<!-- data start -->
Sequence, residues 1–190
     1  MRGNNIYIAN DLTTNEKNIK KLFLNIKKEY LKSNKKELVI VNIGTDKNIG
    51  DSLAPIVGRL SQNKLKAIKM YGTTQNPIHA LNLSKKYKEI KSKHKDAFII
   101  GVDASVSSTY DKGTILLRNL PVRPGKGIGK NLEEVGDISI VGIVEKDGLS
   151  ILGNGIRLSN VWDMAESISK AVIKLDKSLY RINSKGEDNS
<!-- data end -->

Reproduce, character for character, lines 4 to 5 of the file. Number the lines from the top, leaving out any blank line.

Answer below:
   101  GVDASVSSTY DKGTILLRNL PVRPGKGIGK NLEEVGDISI VGIVEKDGLS
   151  ILGNGIRLSN VWDMAESISK AVIKLDKSLY RINSKGEDNS